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Exotic Shorthair Cat

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"The Lazy Man's Persian" - Exotic Shorthair
Presented by: Alfred and Miss Baby Kitty

In the 1960's breeders in the United States crossed the
American Shorthair with the Persian to create what is now
called the Exotic Shorthair. In the beginning of the
breeding program the Russian Blue and the Burmese were
crossed in as well. But since 1987, the only allowed
outcross for the breed is the Persian.

It became a recognized breed by the CFA (Cat Fanciers
Association) in 1966. The Exotic Shorthair has been
recognized by the Federation Internationale Feline (FIFe)
since 1987. The Exotic Shorthair has a nearly identical body
type to the Persian, but the coat is dense, short and thick.
The Exotic Shorthair is known as the "The Lazy Man's
Persian" and they appeal to people who like the Persian
personality but don't want the trouble of keeping a long-
haired cat well groomed.

The Exotic Shorthair is a cat with a compact, powerfully-
built, rounded body with a short, thick neck. It has round
large eyes, short snub nose and a facial expression
described as sweet. The ears are small and give the cat a
"baby-faced" like appearance that some humans consider to be

The Exotic Shorthair has a calm, gentle personality that is
often compared to the Persian. It is known to be more active
than the Persian. Curious and playful, the Exotic Shorthair
is friendly with both cats and dogs. It doesn't talk a lot,
preferring only to say something when it deems it necessary.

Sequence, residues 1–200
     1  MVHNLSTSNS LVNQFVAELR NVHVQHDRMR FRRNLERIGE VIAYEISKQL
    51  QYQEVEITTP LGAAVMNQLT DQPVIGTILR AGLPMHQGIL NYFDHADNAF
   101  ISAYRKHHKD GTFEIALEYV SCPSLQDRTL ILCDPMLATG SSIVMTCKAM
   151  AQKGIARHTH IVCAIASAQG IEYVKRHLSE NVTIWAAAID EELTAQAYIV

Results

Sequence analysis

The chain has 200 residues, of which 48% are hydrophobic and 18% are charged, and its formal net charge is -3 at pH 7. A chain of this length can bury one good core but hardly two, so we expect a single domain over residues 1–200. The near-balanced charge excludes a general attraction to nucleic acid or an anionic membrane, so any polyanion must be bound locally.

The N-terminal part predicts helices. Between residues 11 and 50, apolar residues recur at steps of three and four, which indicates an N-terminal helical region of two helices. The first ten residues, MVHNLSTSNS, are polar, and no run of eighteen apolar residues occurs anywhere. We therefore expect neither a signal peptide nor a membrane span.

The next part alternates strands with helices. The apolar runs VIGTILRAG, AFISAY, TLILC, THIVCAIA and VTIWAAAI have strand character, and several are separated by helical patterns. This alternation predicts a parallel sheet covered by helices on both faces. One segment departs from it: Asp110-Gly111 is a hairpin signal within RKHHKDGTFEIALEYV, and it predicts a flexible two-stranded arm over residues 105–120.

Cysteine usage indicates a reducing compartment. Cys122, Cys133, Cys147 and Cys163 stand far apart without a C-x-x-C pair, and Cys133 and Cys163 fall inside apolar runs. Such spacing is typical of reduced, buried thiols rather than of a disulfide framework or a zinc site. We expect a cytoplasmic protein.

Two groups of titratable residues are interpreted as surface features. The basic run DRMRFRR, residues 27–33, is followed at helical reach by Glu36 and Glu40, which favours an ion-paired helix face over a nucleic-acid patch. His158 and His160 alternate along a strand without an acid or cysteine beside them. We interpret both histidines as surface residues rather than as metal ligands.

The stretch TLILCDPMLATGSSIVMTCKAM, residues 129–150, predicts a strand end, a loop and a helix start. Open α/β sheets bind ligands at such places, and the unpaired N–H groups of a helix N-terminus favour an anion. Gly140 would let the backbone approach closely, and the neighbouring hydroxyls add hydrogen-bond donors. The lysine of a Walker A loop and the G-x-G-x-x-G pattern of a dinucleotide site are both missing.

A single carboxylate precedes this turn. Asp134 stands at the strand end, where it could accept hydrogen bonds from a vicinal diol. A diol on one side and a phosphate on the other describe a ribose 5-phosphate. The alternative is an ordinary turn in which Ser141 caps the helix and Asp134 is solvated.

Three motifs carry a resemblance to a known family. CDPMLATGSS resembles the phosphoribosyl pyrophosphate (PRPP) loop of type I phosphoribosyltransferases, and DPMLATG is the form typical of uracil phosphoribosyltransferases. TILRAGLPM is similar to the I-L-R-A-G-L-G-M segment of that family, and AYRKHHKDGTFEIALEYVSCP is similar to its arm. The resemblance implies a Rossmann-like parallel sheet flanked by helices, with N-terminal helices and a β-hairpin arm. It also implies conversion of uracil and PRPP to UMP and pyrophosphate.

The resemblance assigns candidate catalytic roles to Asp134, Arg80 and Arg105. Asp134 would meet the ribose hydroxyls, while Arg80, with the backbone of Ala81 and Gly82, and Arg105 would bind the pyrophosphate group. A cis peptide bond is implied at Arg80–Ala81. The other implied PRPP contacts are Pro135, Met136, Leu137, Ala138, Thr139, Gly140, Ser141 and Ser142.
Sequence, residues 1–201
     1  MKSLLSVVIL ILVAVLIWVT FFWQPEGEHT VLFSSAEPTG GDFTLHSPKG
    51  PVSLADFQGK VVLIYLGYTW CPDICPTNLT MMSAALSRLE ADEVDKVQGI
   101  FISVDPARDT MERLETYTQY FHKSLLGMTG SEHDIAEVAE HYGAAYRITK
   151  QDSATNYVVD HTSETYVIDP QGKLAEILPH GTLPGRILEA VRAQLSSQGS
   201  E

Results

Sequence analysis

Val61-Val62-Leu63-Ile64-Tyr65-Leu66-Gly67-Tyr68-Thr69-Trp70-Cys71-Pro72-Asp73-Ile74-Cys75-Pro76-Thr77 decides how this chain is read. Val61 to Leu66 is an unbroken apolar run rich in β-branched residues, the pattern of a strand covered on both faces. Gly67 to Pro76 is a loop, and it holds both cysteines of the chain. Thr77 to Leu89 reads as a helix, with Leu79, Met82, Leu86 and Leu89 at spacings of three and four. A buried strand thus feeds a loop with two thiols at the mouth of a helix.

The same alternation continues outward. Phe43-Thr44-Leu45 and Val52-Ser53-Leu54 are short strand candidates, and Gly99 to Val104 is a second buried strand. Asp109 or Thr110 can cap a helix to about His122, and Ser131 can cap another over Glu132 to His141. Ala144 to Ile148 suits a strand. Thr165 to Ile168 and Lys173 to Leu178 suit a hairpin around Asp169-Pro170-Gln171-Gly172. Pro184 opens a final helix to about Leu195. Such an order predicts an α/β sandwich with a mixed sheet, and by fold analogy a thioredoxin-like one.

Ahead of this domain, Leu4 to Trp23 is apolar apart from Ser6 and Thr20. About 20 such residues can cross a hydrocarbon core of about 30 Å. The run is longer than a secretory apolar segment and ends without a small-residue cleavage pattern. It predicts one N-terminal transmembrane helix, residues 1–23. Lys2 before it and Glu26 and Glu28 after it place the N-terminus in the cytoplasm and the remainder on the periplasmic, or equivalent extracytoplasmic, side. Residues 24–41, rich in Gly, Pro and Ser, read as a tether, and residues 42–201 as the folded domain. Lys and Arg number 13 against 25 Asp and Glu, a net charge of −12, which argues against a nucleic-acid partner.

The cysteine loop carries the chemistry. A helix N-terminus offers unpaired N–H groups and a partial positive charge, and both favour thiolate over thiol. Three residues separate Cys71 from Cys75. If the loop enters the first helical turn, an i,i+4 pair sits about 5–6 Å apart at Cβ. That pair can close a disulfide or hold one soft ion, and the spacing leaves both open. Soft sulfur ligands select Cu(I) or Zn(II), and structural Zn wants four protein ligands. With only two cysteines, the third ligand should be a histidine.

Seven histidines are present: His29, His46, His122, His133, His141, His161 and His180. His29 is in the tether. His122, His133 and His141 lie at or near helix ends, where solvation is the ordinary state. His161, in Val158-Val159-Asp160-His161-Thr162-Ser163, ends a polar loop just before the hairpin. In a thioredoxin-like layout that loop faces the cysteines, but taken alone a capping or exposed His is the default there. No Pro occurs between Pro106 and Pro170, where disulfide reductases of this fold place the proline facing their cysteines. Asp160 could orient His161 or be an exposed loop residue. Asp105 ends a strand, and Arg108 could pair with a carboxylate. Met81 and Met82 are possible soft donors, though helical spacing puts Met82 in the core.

Cats of this breed enjoys the company of humans and don't
like being left alone. It makes a fantastic lap cat and
shows a great deal of affection and loyalty to its owner.
They have a nature that can be described as calm and steady,
thus makes them good pets for apartment dwellers. They are
also capable mouse hunters, a gift from their American Shorthair

The Exotic Shorthair is perfectly capable of grooming
itself, although a weekly brushing isn't remiss. Weekly
brushing of short hair cats reduces shedding and hairballs.
It also promotes a healthy coat of fur by getting rid of
loose dead skin and hair.

This cat breed doesn't mature until two years of age and
enters into puberty rather late. When two Exotic Shorthairs
are mated they sometimes produce longhaired kittens, which
are called Exotic Longhairs by the CFA. Other registries
consider Exotic Longhairs to be Persians, and they do look
like Persians.

Picture Exotic Shorthair Cat

For a Happier, Healthier Exotic Shorthair Cat
Dr. Jane Bicks

If you can imagine a sort of low maintenance, laid
back, short haired Persian, you've got a pretty
good idea of an Exotic Shorthair.

This cat is easier to groom than a Persian, but
sufficiently balanced fatty acids and a high
biological value protein cat food are nonetheless
essential for the health of its lush coat.

Similar to Persians, Exotic Shorthairs are prone to
eye discharge and infections. It's therefore advisable
to supply them with 200 mg of extra vitamin C 
daily or an antioxidant formula.

Torula yeast is an excellent supplement for these
FLUTD prone cats.

Hair ball remedies twice weekly are a must!

Read this for more info on Hairballs in Exotic Shorthair Cats

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